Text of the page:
Table of Contents
How to File for Bankruptcy in 10 (Cheap) Steps
1. Talk to a Bankruptcy Attorney
2. Gather Your Paperwork
- Tax returns
- Proof of income
- Mortgage statements or rent receipts
- Documentation of other debts
- Vehicle registration, proof of value, and insurance
- Statements from your bank, retirement, and other financial accounts
- Documentation of other recurring costs, like alimony or child support
3. Complete Your Initial Credit Counseling Requirement
4. Complete the Bankruptcy Forms
5. Pay the Filing Fee
- Apply to pay the fee in installments. You’ll need to submit Form 103A to apply to pay the Chapter 7 filing fee in installments. You’ll need to propose a schedule with no more than four payments and complete the payments within 120 days of filing.
- Apply for a fee waiver. If your income is below 150% of the federal poverty line you can apply for an exemption that waives the fee. You’ll need to submit Form 103B. The current federal poverty line for a family of four is $27,750 per year, so if your income is below $41,625 you will qualify. Poverty lines vary with family size and are higher in Alaska and Hawaii; check your poverty line here.
6. Make Copies of Your Bankruptcy Paperwork
- All required forms for your bankruptcy petition.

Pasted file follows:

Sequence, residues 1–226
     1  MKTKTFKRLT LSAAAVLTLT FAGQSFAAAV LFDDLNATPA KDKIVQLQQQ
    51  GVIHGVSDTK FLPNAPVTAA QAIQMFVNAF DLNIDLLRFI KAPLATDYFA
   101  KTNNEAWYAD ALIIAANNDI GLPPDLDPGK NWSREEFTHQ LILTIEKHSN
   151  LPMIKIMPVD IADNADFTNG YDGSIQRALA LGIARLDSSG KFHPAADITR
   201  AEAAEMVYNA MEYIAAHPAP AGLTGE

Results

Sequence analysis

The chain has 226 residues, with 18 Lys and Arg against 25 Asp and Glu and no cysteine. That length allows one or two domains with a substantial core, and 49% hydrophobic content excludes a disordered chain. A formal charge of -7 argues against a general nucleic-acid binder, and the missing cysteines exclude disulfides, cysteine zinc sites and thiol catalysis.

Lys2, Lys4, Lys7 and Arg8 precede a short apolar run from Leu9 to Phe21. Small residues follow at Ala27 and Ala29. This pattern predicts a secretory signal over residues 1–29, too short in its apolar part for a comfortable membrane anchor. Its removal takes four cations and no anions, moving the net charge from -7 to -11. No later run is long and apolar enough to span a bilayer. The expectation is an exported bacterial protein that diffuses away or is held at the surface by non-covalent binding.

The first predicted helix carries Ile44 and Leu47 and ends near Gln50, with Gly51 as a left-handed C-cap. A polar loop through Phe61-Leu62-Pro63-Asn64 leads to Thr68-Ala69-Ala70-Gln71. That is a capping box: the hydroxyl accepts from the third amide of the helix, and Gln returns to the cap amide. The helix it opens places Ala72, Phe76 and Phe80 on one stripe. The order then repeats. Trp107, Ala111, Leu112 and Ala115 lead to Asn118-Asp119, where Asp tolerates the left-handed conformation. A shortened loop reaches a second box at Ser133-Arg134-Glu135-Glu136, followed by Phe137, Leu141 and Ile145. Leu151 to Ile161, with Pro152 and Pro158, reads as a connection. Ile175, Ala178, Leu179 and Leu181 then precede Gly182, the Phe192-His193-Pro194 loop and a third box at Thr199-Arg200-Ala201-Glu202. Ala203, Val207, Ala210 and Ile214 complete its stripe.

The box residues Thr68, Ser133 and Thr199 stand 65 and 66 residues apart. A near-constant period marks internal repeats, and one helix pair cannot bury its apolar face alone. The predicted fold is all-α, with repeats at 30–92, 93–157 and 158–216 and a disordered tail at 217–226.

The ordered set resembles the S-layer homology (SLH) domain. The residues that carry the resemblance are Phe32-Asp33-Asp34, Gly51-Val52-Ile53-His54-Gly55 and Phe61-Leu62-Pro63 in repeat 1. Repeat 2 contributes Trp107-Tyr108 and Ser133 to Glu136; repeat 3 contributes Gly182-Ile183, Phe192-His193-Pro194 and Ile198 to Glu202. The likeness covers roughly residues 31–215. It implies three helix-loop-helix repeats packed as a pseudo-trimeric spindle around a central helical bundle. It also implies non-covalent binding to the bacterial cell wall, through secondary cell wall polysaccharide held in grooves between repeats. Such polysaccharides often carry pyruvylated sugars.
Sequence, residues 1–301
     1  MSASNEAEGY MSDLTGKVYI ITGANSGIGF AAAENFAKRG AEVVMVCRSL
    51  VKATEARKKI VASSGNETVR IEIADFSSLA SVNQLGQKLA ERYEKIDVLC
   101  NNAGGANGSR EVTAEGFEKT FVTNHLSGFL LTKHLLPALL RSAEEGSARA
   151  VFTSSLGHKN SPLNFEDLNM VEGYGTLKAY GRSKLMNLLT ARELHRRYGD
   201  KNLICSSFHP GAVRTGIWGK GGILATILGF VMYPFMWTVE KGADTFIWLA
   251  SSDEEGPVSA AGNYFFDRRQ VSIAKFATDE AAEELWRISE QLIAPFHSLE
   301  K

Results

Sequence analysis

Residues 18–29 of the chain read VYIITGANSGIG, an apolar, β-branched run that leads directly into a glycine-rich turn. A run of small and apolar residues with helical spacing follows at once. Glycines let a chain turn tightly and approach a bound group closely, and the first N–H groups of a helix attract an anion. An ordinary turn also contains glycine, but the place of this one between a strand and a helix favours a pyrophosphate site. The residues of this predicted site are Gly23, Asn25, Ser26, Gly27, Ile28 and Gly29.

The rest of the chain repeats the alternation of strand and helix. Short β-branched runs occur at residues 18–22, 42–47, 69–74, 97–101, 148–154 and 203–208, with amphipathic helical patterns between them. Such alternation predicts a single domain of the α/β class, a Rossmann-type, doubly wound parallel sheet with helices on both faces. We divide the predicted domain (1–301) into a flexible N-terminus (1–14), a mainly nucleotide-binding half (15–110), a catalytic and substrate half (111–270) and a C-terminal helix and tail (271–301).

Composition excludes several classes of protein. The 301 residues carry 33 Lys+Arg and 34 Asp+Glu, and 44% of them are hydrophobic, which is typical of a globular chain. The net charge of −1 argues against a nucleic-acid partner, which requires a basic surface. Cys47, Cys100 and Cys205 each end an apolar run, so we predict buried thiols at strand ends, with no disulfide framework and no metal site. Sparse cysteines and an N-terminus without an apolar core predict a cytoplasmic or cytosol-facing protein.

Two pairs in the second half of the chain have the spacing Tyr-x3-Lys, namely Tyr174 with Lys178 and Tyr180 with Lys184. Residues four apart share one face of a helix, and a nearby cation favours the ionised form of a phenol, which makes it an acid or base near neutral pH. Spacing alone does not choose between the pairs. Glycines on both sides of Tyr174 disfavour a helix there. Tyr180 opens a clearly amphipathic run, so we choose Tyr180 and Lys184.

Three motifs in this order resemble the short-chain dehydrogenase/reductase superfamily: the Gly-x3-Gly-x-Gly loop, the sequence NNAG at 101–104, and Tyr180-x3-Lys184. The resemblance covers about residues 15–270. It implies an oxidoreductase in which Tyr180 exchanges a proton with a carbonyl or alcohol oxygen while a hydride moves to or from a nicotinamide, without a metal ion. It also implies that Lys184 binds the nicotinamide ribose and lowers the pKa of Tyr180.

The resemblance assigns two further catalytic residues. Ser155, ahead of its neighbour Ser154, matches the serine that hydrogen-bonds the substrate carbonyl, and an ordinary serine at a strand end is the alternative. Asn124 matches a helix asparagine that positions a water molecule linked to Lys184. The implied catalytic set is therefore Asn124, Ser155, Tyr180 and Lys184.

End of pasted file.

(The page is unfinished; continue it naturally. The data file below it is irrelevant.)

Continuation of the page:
- The completion certificate from your credit counseling course.
- Your recent pay stubs.
- Any application for a fee waiver or installment plan
7. File Your Completed Forms
You will need to file your forms at the courthouse. You’ll have to pay your filing fee at the same time. You should plan to pay with cash or a check, credit card payments are usually restricted. You’ll need to do this in person during business hours, so you could lose wages if you have to miss work. You also will likely have to pay a parking fee.
The Clerk of Courts will provide you with your case number, the name of your bankruptcy trustee, and an appointment for a meeting with your trustee and your creditors. An automatic stay will go into effect, which will halt any debt collection efforts. Wage garnishment, foreclosure, and eviction proceedings will also stop.
8. Mail Your Documents to Your Trustee
The bankruptcy court will appoint a trustee to oversee your case.
You will have to provide copies of your bankruptcy paperwork to your trustee. This will cost you anywhere from $8 to $15 depending on the size, weight and distance. Make sure to pay extra to get a confirmation of receipt.
The role of the bankruptcy trustee varies with the type of bankruptcy you file.
- A Chapter 7 bankruptcy trustee will review your petition, supervise a meeting with creditors, and supervise the sale of any non-exempt assets and the distribution of the proceeds to creditors.